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Tomb NC2
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Work at the enigmatic tomb concealing the hidden entrance to Giza's lost cave-world has stepped up a gear as Dr Zahi Hawass, Secretary General of Egypt's Supreme Council of Antiquities, reveals that the mysterious location is being probed by a host of experts.

"We have experts in all fields working with us. Archaeologists, geologists, engineers, and architects, to name a few."

Dr Hawass is, however, being tight lipped on exactly why there is so much interest in the tomb, designated "NC2".

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RE: Egyptian Tombs
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Fracture zones endanger tombs in Valley of Kings
Ancient choices made by Egyptians digging burial tombs may have led to today's problems with damage and curation of these precious archaeological treasures, but photography and detailed geological mapping should help curators protect the sites, according to a Penn State researcher.

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A storehouse of 30 Egyptians mummies has been unearthed inside a 2,600-year-old tomb, in a new round of excavations at the vast necropolis of Saqqara outside Cairo.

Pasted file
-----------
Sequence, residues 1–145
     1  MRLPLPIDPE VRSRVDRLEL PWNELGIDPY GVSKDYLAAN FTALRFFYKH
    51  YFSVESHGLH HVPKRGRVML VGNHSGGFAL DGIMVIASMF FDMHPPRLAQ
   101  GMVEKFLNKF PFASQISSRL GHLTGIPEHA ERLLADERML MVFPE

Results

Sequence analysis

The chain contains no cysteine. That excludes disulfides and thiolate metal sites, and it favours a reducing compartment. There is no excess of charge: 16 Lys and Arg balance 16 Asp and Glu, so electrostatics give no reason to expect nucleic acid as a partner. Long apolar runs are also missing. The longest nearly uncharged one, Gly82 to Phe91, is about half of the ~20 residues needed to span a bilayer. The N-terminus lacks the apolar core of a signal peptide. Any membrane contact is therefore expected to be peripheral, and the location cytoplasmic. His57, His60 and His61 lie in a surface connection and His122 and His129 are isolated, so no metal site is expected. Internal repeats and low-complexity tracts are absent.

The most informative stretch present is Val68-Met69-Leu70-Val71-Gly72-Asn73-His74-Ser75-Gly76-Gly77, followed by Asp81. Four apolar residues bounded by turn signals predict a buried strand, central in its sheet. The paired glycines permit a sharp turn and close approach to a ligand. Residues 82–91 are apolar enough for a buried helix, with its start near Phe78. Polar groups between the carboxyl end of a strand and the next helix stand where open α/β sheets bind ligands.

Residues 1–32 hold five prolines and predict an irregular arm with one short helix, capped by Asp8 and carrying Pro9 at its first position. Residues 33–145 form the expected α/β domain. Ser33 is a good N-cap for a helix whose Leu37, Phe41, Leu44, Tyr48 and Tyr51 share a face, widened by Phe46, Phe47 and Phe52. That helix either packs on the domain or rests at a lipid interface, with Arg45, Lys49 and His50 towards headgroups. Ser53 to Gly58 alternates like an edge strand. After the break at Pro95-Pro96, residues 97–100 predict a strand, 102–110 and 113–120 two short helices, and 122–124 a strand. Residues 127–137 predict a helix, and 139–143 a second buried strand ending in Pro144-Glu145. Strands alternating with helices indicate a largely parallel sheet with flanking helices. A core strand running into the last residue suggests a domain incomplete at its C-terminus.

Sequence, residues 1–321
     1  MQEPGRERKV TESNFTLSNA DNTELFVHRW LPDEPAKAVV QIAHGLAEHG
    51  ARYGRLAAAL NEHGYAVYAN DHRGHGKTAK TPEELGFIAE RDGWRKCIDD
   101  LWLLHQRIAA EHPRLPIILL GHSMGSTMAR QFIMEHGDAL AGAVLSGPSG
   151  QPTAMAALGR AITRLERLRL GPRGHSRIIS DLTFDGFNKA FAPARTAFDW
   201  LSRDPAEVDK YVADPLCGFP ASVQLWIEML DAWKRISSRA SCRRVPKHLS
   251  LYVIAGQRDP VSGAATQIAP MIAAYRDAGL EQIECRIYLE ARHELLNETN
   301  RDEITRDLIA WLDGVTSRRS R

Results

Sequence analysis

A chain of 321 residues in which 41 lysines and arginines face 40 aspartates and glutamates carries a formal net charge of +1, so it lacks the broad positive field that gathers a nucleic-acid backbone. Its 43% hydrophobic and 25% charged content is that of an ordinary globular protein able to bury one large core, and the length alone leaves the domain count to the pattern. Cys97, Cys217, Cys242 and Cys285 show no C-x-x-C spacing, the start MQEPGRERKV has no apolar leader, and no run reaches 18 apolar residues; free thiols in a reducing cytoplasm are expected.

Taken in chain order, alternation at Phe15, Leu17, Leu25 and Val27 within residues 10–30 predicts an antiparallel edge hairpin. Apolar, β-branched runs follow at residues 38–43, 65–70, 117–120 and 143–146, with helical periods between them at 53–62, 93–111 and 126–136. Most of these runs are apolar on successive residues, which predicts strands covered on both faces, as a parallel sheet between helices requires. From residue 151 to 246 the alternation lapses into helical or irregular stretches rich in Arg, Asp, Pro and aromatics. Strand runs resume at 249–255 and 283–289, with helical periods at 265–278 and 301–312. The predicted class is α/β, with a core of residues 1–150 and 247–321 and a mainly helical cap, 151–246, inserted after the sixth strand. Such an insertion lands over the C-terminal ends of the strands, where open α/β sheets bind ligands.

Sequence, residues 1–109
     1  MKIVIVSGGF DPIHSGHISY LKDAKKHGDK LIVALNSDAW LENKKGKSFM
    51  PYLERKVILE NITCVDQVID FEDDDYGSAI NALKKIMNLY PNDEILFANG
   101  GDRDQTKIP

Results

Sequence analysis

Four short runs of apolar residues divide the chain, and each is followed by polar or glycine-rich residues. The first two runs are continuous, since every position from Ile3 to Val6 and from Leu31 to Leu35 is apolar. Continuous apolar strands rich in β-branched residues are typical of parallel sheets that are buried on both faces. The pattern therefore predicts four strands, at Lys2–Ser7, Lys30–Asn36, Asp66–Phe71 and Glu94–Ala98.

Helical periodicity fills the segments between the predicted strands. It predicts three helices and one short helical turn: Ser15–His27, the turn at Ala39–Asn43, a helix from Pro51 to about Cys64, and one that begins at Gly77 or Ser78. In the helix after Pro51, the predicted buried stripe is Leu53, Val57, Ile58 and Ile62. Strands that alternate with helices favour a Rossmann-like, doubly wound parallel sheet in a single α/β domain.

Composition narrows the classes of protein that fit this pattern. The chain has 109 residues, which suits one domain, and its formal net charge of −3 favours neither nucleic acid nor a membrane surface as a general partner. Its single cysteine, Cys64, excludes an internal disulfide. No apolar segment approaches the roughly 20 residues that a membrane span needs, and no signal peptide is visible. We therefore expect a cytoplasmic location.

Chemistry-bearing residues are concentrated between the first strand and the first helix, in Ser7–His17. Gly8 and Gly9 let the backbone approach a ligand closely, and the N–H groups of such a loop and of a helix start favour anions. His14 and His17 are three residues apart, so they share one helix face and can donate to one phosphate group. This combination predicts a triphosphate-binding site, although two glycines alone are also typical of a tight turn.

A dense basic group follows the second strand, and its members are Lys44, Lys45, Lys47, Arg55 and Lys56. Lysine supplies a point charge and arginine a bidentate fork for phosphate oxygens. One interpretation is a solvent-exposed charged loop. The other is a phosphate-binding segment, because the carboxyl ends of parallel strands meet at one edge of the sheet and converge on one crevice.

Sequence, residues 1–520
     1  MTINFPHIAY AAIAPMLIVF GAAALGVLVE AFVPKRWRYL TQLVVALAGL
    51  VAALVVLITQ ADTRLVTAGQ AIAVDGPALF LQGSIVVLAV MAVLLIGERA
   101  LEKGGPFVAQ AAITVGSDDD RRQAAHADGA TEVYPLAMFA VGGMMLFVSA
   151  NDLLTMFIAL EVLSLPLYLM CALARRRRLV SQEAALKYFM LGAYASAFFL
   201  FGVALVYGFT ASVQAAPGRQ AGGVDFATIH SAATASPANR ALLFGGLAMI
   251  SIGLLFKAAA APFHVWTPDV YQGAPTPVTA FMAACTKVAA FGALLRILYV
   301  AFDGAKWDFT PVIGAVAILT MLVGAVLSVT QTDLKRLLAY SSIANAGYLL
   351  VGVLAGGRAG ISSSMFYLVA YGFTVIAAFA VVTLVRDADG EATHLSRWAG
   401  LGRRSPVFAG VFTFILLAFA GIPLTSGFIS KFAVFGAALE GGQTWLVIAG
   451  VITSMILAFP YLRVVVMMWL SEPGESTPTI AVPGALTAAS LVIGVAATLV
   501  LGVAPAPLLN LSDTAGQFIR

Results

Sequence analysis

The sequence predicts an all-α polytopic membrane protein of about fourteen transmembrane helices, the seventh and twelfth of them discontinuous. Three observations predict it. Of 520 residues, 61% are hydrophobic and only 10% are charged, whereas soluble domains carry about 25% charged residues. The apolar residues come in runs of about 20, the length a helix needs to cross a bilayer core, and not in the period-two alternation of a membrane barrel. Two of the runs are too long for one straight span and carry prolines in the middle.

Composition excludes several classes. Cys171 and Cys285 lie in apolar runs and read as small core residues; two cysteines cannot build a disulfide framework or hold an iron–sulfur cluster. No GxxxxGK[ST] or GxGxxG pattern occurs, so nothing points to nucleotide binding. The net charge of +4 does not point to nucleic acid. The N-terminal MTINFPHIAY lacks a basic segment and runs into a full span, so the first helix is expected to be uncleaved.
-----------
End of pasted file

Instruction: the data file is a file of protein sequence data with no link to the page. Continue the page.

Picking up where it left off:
The tomb was located at the bottom of a 11-metre deep shaft, announced Egypt's top archaeologist Zahi Hawass and eight of the mummies were in sarcophagi, while the rest had been placed in niches along the wall.

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Queen Sesheshet
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Egypt's chief archaeologist has announced the discovery of a 4,300-year-old pyramid in Saqqara, the sprawling necropolis and burial site of the rulers of ancient Memphis.
The pyramid is said to belong to Queen Sesheshet, the mother of King Teti who was the founder of the 6th Dynasty of Egypt's Old Kingdom.
Egypt's antiquities chief Zahi Hawass made the announcement Tuesday at the site in Saqqara, about 12 miles south of Cairo.
Hawass' team has been excavating the site for two years. He says the discovery was only made two months ago when it became clear that the 16-foot-tall structure uncovered from the sand was a pyramid.

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RE: Egyptian Tombs
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Multinational Team Creates the First 3-D Model of Egypt's Oldest Pyramid
The first "Virtual Step Pyramid" is to be used by architects, restorers, and archaeologists as part of efforts to save and restore the Step Pyramid in the face of threats from centuries of erosion and the fragility of the stone and clay body of the pyramid, exposed after the protective outer casing was removed by stone robbers in ancient times.

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Sarcophagus of Menkaure
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It has been a source of enduring fascination for archaeologists and amateur Egyptologists everywhere: what exactly happened to the sarcophagus of Menkaure, one of Egypt's greatest Pharaohs? Now, more than 170 years after it was found and lost, the mystery could be solved.

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Imhotep